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What is Metabolic Syndrome?

Metabolic Syndrome is a cluster of conditions, which, when present at the same time, lead to an increased risk of cardiovascular disease or diabetes.

These risk factors are:

  • High levels of LDL cholesterol and low levels of HDL cholesterol
  • High levels of blood triglycerides
  • Insulin resistance and high blood sugar levels
  • Arterial hypertension (>140/90 mmHg)
  • Obesity (BMI>30) and large waist circumference (>94 cm for men and> 80 cm for women)

Metabolic Syndrome is diagnosed when 3 or more of these risk factors are present.

Cholesterol is a molecule, belonging to the class of lipids, which plays different and fundamental functions in the human body, it is, for instance an essential component of cell membrane.

The cholesterol present in blood can be contained in LDL, or low-density lipoproteins (also called “bad cholesterol”), or in HDL, that are high-density lipoproteins (also known as “good cholesterol”).

When blood LDL levels are high, one can speak of hypercholesterolemia and this is defined as a cardiovascular risk factor because it can lead to the onset of certain diseases, such as myocardial infarction and stroke.

On the contrary, a high HDL cholesterol value is generally associated with a better state of health, since high-density lipoproteins have the function of collecting the excess cholesterol deposited in the tissues and promoting its elimination.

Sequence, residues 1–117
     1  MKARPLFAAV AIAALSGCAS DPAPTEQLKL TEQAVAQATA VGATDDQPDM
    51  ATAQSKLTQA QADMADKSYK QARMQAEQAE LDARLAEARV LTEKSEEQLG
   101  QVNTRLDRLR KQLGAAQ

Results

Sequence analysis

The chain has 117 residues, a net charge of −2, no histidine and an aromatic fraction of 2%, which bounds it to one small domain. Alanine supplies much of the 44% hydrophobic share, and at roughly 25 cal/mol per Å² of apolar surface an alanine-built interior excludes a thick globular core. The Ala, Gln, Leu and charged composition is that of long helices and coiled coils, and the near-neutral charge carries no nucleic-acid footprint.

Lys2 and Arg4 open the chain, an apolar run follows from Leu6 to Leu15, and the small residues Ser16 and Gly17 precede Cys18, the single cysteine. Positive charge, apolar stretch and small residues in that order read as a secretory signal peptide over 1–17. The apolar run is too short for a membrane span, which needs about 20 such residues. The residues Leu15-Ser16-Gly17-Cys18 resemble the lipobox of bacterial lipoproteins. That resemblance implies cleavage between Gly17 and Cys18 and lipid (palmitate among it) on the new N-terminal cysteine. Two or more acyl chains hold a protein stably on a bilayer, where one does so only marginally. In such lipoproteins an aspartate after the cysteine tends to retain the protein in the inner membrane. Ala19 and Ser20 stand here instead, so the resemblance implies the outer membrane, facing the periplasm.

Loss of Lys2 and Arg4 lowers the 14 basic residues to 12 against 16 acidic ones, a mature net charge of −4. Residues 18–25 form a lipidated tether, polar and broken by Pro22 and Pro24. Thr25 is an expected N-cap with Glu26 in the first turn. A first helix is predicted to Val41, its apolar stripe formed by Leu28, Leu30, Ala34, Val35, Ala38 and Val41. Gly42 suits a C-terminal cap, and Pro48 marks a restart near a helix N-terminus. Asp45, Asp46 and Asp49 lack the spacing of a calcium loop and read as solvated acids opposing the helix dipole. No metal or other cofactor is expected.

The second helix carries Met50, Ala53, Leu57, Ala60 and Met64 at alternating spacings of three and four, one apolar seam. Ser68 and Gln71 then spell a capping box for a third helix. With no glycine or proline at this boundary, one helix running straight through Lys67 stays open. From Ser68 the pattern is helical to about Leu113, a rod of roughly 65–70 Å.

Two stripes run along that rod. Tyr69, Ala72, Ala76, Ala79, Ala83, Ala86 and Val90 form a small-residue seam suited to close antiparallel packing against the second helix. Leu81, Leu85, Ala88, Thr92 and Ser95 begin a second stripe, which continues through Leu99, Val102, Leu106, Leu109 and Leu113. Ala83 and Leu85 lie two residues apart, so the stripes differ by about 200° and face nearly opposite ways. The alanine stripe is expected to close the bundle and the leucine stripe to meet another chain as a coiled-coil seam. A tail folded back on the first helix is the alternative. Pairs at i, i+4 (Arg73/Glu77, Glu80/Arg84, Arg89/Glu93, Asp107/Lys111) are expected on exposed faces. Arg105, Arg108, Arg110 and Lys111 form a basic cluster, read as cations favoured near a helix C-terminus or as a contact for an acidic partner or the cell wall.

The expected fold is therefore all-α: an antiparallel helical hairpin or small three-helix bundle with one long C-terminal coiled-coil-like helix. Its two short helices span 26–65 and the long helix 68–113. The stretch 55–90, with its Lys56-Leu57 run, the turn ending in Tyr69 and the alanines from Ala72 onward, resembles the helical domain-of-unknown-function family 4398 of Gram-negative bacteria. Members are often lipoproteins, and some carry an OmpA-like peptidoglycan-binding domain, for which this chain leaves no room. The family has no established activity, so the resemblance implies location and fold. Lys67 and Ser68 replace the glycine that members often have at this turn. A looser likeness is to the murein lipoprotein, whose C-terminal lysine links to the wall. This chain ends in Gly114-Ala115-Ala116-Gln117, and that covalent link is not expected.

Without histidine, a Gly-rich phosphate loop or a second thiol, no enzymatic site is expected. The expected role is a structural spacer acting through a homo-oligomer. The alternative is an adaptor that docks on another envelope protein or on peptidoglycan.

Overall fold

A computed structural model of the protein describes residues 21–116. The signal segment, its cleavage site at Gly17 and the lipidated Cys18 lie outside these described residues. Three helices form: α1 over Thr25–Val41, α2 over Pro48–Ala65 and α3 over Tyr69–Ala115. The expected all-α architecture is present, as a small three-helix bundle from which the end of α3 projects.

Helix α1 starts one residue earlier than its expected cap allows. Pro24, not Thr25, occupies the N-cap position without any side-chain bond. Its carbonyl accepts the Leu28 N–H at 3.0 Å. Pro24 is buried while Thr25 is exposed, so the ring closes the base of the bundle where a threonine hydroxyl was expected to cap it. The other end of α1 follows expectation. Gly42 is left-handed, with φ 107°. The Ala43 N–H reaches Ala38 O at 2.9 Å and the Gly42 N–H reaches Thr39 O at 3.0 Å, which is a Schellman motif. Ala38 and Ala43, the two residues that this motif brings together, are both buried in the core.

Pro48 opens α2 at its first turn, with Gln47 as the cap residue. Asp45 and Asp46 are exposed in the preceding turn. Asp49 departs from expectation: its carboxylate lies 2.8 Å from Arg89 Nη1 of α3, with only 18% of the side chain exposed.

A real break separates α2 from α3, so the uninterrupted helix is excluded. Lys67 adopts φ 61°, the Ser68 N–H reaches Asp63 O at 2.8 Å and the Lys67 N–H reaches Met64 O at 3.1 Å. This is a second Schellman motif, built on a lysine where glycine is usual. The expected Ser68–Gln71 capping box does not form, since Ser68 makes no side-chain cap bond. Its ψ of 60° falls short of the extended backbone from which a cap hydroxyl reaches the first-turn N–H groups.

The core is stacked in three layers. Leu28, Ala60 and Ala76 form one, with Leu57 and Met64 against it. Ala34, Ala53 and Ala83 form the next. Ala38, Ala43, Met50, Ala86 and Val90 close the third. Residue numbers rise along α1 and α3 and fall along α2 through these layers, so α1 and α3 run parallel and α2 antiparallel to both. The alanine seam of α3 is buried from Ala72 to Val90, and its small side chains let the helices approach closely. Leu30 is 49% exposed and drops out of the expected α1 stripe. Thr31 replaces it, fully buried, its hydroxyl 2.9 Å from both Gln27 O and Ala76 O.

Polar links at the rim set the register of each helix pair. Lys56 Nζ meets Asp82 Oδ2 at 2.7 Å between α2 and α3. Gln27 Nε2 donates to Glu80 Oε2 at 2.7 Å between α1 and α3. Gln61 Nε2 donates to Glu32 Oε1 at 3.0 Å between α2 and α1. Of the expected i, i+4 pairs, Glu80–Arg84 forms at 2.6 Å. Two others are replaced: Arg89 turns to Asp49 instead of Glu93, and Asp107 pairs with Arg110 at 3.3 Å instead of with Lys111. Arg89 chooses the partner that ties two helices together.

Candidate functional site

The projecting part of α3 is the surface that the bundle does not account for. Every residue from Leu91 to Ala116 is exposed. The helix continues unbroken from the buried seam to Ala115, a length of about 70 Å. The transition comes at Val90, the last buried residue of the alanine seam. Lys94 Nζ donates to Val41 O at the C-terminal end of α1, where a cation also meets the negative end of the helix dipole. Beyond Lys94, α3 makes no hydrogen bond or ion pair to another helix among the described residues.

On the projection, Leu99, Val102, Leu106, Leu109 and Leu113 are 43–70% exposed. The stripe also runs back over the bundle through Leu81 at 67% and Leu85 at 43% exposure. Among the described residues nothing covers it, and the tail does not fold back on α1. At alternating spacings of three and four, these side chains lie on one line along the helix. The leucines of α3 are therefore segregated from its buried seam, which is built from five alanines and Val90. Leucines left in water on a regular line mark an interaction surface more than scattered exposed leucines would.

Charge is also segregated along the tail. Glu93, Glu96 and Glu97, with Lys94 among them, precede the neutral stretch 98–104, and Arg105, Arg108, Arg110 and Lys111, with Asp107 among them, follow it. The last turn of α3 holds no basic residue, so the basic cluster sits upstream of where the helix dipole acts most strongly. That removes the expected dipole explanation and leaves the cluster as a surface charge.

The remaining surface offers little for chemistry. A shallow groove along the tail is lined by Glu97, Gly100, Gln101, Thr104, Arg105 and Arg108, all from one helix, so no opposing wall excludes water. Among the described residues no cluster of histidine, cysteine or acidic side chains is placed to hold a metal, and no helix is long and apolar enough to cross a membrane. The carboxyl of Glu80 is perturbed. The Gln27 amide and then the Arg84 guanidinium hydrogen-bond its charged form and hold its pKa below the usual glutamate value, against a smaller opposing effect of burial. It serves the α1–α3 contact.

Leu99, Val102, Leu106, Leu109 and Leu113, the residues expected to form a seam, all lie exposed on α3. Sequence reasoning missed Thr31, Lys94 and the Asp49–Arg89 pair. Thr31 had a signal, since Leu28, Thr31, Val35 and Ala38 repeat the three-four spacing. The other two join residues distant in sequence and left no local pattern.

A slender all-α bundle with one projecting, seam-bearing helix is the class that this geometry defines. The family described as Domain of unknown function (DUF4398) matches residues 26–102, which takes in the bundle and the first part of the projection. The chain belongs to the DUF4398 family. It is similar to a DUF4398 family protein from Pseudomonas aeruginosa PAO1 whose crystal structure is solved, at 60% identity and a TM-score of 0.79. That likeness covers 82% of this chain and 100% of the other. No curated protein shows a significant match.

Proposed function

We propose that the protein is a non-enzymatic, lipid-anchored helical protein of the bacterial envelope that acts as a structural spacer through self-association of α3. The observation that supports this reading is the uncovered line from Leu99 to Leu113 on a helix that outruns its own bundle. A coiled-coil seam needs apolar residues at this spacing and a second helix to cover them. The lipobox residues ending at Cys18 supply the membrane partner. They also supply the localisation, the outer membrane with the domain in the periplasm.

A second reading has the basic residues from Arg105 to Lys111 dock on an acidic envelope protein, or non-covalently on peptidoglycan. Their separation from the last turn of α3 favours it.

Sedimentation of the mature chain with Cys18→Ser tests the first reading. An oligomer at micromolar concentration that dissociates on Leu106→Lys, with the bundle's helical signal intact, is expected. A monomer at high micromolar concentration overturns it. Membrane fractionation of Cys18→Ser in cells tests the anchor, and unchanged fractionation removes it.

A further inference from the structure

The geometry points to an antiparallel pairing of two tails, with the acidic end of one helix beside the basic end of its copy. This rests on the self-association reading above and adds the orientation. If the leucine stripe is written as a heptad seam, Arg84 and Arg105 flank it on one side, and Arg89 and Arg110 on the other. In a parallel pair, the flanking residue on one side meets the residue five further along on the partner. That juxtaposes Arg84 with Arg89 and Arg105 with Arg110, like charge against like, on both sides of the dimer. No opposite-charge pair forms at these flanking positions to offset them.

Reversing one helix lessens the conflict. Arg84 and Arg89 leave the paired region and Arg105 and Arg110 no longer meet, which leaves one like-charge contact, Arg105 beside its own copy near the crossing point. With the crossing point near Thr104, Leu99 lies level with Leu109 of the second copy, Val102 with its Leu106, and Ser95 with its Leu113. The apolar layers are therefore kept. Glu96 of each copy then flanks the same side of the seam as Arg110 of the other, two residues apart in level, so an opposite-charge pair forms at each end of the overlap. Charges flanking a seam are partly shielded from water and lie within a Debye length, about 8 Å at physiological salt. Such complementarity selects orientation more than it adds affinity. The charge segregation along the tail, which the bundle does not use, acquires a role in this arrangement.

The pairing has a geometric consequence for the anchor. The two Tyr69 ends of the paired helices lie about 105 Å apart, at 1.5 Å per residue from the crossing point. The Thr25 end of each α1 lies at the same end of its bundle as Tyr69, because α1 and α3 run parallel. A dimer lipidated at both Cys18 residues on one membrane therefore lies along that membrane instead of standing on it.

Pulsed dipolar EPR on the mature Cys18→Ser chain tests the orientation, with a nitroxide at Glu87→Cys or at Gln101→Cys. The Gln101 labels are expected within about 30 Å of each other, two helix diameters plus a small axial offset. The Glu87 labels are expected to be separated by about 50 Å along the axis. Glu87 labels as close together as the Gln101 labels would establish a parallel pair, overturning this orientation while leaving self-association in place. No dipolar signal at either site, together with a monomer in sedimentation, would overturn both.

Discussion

Insulin is a hormone that has the function of regulating the concentration levels of glucose in blood, also called glycaemia. When blood sugar is higher than normal, it can favor the onset of pathologies, even serious ones.

Sometimes, for some reason, there is a reduction in the ability of cells to respond to insulin. That causes an increase in blood sugar. This condition is called insulin resistance and is one of major diagnostic criteria for metabolic syndrome.

Triglycerides are molecules composed of fatty acids and glycerol which represent the body’s main energy source. They also constitute the adipose tissue.

The high level of triglycerides in blood, a condition called hypertriglyceridemia, is often linked to cardiovascular diseases, as is the case with cholesterol.

Thanks also to their energetic importance, the level of triglycerides in body must not be too high but not too low. Normal levels range between 50 and 150 mg/dL with an optimal value below 100 mg/dL.



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